A “groundbreaking chance”?
In the past 72 hours or so, North Korean leader Kim Jong-un has, if anything, strengthened the grip he has had on the initiative throughout 2017 (and arguably longer).
It was pretty much a given that his offer to Seoul of immediate talks with a view to North Korean participation in next month’s Winter Olympics, which South Korea is hosting, would be welcomed by President Moon Jae-in who has been actively promoting dialogue since he was elected in May of last year. His party — The Minjoo Party of Korea — has always tended to a more reconciliatory line with North Korea than his predecessor Park Geun-hye’s Saenuri Party. So, it should come as no surprise that Seoul has swiftly responded with an offer of a “high-level” meeting at the ‘truce-village’ of Panmunjom on 9 January to pursue what Moon Jae-in has described as a “groundbreaking chance” to move towards peace.
As the deadline for registrations for the Winter Olympics has past, ultimately it will be up to the International Olympic Committee (IOC) to decide whether to issue an invitation. But I think it now very likely indeed that North Korea’s only two qualifiers, figure skaters Ryom Tae-Ok and Kim Ju-Sik (pictured), will compete at Pyeongchang.
It does, of course, remain to be seen whether this will lead to a sustained breakthrough between the two Koreas on other fronts, consistent with Kim Jong-un’s statement that:
"The year 2018 is a significant year for both the North and the South, with the North marking the 70th anniversary of its birth and the South hosting the Winter Olympics. We should melt the frozen North-South relations, thus adorning this meaningful year as a year to be specially recorded in the history of the nation.”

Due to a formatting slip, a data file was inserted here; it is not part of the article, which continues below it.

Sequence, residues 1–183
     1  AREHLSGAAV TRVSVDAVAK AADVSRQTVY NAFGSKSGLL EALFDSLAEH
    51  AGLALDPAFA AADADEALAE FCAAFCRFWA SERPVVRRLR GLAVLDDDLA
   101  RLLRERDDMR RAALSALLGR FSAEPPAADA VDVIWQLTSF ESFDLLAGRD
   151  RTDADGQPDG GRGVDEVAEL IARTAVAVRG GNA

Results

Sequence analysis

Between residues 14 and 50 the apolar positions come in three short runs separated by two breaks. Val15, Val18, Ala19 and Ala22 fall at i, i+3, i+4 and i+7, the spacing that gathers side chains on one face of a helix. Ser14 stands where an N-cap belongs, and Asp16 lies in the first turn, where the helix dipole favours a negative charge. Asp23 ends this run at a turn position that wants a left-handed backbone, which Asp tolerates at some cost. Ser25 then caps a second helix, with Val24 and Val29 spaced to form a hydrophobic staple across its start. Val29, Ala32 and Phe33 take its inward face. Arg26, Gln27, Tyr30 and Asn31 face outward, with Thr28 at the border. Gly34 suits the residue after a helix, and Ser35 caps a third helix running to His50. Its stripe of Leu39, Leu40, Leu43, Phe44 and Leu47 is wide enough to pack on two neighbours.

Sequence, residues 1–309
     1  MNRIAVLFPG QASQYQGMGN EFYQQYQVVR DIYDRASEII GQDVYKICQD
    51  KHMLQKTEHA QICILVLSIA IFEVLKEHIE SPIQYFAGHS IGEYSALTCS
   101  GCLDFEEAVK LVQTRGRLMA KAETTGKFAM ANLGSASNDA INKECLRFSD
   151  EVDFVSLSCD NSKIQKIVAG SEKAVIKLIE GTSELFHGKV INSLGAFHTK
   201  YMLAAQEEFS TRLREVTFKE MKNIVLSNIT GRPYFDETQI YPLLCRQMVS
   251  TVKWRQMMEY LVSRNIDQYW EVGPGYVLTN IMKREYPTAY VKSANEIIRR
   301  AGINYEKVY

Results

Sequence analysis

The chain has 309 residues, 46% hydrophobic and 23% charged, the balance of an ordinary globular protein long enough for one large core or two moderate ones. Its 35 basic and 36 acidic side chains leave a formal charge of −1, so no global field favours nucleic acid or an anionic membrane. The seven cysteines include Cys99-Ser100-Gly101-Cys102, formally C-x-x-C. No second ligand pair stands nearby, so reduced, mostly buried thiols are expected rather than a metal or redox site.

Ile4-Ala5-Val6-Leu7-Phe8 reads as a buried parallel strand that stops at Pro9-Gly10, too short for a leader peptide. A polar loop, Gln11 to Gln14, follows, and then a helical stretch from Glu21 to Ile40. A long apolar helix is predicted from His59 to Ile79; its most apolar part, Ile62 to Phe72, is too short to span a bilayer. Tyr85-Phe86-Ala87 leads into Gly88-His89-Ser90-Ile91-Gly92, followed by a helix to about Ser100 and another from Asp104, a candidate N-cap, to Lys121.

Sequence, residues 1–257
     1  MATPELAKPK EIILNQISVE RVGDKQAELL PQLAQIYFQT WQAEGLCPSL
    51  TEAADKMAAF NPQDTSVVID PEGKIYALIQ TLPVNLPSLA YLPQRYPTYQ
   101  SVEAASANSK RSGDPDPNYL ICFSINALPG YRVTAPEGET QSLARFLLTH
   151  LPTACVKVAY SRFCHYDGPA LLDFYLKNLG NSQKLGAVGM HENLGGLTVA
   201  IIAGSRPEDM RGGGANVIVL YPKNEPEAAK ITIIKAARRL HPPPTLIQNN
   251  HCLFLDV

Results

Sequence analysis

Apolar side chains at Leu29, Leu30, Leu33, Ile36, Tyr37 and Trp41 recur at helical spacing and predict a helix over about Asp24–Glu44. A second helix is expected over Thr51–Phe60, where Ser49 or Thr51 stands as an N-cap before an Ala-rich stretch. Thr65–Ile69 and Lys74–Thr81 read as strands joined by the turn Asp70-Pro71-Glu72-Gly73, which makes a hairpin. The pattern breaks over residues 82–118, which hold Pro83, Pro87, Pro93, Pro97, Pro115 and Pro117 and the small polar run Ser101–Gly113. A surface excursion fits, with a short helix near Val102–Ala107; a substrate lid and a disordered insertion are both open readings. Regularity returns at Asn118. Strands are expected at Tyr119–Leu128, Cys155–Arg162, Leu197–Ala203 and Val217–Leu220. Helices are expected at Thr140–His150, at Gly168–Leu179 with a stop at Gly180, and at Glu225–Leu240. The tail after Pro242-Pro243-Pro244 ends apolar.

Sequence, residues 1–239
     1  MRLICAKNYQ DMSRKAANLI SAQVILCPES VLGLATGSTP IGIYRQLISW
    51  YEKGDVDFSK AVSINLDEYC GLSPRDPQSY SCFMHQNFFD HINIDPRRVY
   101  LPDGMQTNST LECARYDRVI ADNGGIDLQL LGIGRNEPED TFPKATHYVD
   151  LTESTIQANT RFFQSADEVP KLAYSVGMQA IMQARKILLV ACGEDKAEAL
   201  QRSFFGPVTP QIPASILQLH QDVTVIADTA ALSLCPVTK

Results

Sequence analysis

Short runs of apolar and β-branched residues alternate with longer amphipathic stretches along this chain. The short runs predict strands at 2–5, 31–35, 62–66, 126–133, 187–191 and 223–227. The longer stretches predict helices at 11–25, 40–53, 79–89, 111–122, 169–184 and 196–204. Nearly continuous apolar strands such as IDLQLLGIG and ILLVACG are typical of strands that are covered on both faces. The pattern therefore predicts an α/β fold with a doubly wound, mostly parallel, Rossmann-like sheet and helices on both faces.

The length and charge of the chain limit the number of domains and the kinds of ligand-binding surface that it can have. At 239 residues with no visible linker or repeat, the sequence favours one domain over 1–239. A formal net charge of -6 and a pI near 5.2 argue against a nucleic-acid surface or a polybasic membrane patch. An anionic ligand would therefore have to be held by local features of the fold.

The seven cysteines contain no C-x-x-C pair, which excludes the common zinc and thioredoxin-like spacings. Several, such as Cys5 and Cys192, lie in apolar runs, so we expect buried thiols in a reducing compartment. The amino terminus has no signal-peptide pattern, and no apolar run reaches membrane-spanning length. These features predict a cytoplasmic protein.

However, it is reasonable at this stage to assume that both sides are serious about using the Winter Olympics as a foundation for wider discussions. As South Korea’s Unification Minister, Cho Myoung-gyon:
"We hope that the South and North can sit face to face and discuss the participation of the North Korean delegation at the Pyeongchang Games as well as other issues of mutual interest for the improvement of inter-Korean ties.”
It may just be because of the holiday period. But there has been a deafening silence from Washington (including President Donald Trump’s failure, so far, to tweet in response) since Kim Jong-un coupled his ‘olive branch’ to Seoul with a nuclear warning to the US, suggesting that officials there have been taken by surprise.
To be fair, there is nothing much new in the threat beyond an undoubtedly hyperbolic claim from Kim Jong-un to have “the nuclear button” on his desk and the (probably) more realistic warning that North Korea will now start “mass producing” nuclear weapons.
[Note: There are several reasons to doubt that the North Koreans could launch a successful nuclear strike against the US at the drop of a hat, as Kim Jong-un’s statement seems intended to imply. First and foremost is the fact that, to date, all their tests of intercontinental ballistic missiles (ICBMs) have involved liquid (not solid) fuel which takes hours, if not days, to load.]
Nevertheless, Kim Jong-un has still presented Washington with a problem in that the mere fact of dialogue with South Korea runs strongly against the tough line, including on dialogue, which Mr Trump has been pursuing (even to the point of publicly putting down Secretary of State Rex Tillerson for suggesting that talks would be welcome). Especially if such talks were to move swiftly on to some sort of relief from the sanctions which are gripping North Korea increasingly tightly (and I don’t think this is a big ‘if’), I doubt Mr Trump would be very happy, to put it mildly.
Even before things are likely to get to that point, this all casts doubt over the annual South Korea/US military exercises, Foal Eagle/Key Resolve, which traditionally kick off in February. Seoul has already floated the idea of postponing until later in the year. I think now it is likely to insist on doing so despite the risk that Mr Trump sees such a move as a loss of face — possibly to the point where he may even revert to his threat to scrap the South Korea/US bilateral trade deal (KORUS), which is already under review.
The 2 January edition of The Economist Espresso summed up the context nicely, in my view, under the heading “Donald’s dilemma”, as follows.